The Court of Appeal held that sleep-in shifts do not count as "time work" for the purposes of the national minimum wage legislation.
The Supreme Court granted Ms Tomlinson-Blake, supported by Unison, leave to appeal the Court of Appeal's decision to the Supreme Court. The Supreme Court heard the appeal on 12 and 13 February 2020 and a decision is still awaited.
In Harpur Trust v Brazel  IRLR 1012 CA, the Court of Appeal held that holiday pay for "part-year workers" should not be calculated on a pro rata basis, but by applying the approach set out in s.224 of the Employment Rights Act 1996 and calculating average weekly remuneration over the previous 12 weeks. The Court of Appeal acknowledged that calculating holiday pay without a pro rata reduction for part-year workers might produce perceived inequities, but the Court did not consider it to be unfair.
Harpur Trust appealed the Court of Appeal's decision to the Supreme Court. The Supreme Court is due to hear the appeal on 9 November 2021.
Kostal UK Ltd appealed the EAT decision to the Court of Appeal. In Kostal UK Ltd v Dunkley and others  IRLR 817 CA, the Court of Appeal allowed the appeal and set aside the tribunal decision. The Court of Appeal held that the employer had asked the workforce if it would agree a particular term on this occasion; it had not sought a permanent change in its relationship with the union.
The Supreme Court granted the claimants permission to appeal the Court of Appeal's decision. The Supreme Court is due to hear the appeal on 18 May 2021.
Aslam and others v Uber BV and others
employment status | workers | self-employed
In this high-profile case, Uber drivers regarded by the company as self-employed claimed that they are in fact workers.
Uber appealed to the Supreme Court. On 19 February 2021, the Supreme Court handed down its decision in Uber BV and others v Aslam and others  UKSC 5 SC. Unanimously dismissing the appeal, the Supreme Court held that Uber drivers are workers and are entitled to receive the national minimum wage and paid annual leave.
R (on the application of the Independent Workers Union of Great Britain) v Central Arbitration Committee and Roofoods Ltd (t/a Deliveroo)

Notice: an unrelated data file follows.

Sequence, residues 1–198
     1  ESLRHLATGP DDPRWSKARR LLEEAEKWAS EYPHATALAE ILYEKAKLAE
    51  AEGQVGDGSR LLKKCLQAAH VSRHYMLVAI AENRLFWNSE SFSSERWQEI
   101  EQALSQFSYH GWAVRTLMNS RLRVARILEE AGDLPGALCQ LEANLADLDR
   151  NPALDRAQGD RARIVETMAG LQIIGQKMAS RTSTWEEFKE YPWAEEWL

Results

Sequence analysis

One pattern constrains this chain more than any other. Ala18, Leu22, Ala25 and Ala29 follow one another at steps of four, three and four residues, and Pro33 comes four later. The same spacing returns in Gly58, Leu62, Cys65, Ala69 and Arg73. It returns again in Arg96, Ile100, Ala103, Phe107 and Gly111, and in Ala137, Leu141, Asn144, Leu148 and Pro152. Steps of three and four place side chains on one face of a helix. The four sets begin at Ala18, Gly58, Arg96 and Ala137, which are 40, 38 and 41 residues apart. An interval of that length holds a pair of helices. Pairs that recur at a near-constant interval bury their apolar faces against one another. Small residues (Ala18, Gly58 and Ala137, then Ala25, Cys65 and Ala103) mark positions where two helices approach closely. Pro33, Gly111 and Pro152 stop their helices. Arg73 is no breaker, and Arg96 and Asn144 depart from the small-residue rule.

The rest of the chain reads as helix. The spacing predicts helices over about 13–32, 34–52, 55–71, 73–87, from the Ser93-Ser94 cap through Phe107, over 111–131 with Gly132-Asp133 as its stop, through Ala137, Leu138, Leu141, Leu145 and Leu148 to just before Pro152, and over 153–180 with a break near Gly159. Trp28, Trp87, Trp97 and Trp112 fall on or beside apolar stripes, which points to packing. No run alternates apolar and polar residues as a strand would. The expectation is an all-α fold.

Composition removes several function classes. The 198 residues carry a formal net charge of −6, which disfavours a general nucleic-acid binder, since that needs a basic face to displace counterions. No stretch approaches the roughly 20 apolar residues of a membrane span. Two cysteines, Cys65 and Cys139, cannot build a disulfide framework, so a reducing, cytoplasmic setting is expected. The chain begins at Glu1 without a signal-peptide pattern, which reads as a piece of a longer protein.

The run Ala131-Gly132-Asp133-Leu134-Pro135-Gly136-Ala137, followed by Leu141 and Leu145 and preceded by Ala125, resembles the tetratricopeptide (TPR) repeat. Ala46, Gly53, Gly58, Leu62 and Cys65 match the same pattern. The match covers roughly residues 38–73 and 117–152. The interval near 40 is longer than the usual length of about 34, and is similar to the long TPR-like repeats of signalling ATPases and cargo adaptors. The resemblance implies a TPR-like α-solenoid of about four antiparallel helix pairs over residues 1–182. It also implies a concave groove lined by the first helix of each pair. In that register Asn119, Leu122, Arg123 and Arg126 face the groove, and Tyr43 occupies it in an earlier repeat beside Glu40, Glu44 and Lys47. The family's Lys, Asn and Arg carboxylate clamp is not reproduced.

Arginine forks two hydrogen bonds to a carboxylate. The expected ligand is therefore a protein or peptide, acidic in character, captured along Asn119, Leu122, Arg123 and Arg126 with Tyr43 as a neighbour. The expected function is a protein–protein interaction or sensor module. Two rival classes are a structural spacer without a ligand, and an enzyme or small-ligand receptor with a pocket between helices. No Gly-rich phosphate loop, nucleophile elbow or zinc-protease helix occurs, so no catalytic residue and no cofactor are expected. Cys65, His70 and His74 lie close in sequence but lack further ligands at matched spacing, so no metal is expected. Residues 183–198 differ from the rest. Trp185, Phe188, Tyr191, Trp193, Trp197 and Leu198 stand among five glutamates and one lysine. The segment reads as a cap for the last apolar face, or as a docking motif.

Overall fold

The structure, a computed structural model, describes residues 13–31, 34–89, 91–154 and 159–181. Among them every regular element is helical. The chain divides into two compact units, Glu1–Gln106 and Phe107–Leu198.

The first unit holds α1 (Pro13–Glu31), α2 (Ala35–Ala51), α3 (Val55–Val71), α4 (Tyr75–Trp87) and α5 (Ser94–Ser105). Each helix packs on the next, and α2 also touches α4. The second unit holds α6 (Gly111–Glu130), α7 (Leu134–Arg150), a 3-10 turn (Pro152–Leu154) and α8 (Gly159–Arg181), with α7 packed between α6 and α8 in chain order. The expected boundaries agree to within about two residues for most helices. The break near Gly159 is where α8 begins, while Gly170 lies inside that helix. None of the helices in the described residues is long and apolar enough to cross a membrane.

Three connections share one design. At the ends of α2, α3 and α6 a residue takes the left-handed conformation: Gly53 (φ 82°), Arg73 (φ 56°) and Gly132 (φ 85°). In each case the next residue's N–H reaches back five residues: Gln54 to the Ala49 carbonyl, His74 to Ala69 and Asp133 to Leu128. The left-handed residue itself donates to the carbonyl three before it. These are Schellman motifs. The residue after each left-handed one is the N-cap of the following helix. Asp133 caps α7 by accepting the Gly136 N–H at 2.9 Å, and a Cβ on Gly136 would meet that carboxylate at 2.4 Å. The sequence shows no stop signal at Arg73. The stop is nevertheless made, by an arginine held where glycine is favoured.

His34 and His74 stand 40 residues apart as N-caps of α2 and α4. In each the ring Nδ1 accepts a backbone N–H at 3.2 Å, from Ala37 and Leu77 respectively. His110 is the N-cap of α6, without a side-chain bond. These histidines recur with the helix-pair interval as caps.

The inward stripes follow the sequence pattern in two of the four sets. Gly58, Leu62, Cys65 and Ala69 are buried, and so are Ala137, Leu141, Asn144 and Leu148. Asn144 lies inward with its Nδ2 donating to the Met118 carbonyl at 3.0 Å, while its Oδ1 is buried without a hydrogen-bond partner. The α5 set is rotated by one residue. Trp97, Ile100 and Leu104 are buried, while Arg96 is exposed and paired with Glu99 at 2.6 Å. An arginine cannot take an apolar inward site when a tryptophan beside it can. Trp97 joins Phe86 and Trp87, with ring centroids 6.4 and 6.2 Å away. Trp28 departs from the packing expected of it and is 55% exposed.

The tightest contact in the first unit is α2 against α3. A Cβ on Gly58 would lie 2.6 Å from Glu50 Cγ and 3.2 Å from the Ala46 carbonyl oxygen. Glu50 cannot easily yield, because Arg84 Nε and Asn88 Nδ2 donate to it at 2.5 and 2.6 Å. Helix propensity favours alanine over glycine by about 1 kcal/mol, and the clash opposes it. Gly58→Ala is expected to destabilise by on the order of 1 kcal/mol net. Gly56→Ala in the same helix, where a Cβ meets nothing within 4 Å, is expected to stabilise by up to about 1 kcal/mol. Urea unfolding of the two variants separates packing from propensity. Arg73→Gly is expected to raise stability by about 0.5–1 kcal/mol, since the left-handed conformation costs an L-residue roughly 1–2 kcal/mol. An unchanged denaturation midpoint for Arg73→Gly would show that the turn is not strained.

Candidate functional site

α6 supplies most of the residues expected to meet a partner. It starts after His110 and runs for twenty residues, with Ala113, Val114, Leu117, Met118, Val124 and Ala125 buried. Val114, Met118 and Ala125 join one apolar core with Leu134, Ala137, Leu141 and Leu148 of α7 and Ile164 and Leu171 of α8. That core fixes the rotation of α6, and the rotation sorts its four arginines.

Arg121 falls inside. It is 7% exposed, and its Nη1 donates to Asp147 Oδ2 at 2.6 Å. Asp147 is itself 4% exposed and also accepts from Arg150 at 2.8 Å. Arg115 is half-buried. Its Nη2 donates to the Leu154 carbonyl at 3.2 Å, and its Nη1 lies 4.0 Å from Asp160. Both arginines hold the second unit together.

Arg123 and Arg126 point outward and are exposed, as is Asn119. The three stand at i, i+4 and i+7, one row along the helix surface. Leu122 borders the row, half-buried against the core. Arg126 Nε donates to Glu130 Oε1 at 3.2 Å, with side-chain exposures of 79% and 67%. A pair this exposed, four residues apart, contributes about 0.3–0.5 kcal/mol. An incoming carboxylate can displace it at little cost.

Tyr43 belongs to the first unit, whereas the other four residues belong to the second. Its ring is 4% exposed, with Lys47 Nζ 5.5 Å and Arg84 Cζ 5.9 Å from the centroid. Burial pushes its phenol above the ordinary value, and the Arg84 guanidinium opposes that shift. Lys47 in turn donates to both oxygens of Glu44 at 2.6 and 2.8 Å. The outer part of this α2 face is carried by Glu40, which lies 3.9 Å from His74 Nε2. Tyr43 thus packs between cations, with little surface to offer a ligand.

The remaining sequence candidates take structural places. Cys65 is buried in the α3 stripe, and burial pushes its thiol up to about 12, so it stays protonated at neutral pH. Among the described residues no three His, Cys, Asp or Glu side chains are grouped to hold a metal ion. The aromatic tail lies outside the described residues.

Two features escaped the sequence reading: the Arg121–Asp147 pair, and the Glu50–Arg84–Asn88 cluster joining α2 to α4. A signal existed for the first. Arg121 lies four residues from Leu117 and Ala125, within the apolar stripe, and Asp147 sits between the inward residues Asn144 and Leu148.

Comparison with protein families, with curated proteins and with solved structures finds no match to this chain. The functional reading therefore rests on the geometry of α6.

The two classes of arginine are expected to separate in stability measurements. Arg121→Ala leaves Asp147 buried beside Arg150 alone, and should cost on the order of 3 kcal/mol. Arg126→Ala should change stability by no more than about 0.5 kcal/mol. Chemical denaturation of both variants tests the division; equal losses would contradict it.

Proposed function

employment status | collective bargaining | human rights
The Court of Appeal granted the union leave to appeal the High Court's decision. The Court of Appeal heard the appeal on 2 and 3 February 2021.
Asda Stores Ltd v Brierley and others
equal pay | comparator | common terms
In Asda Stores Ltd v Brierley and others  IRLR 335 CA, a case that involves over 37,000 claimants and is the largest equal pay case of its kind in the private sector, the Court of Appeal held that workers in Asda supermarkets (who are mainly female) are entitled to compare their pay with the pay of depot workers (who are mainly male) because common terms of employment apply.
The Supreme Court heard Asda's appeal against the Court of Appeal decision on 13 and 14 July 2020 and a decision is still awaited.
Flowers and others v East of England Ambulance Trust
East of England Ambulance Trust appealed the EAT decision to the Court of Appeal. The Court of Appeal dismissed the appeal in East of England Ambulance Service NHS Trust v Flowers and others  IRLR 798 CA. The Court held that ambulance workers are contractually entitled to have voluntary overtime included in the calculation of their holiday pay and, under the Working Time Directive (2003/88/EC), to have it included where it is sufficiently regular and settled.
The Supreme Court granted East of England Ambulance Service NHS Trust leave to appeal the Court of Appeal's decision. The Supreme Court is due to hear the appeal on 22 June 2021.
Chief Constable of the Police Service of Northern Ireland and another v Agnew and others
annual leave | holiday pay | overtime | series of deductions
The EAT held that s.18 of the Equality Act 2010, which prohibits pregnancy and maternity discrimination, "is not an exclusive statement of the circumstances in which a claimant can complain of discrimination by reason of pregnancy or maternity". The EAT held that the principle established in Webb v EMO Air Cargo (UK) Ltd (No.2)  IRLR 645 HL meant that s.13 of the Equality Act 2010, which prohibits direct sex discrimination, did not require Mrs Geldart to prove that a man would have been treated differently.
The Court of Appeal granted the Commissioner leave to appeal the EAT's decision. The Court of Appeal heard the appeal on 14 January 2021 and will deliver its decision in due course.
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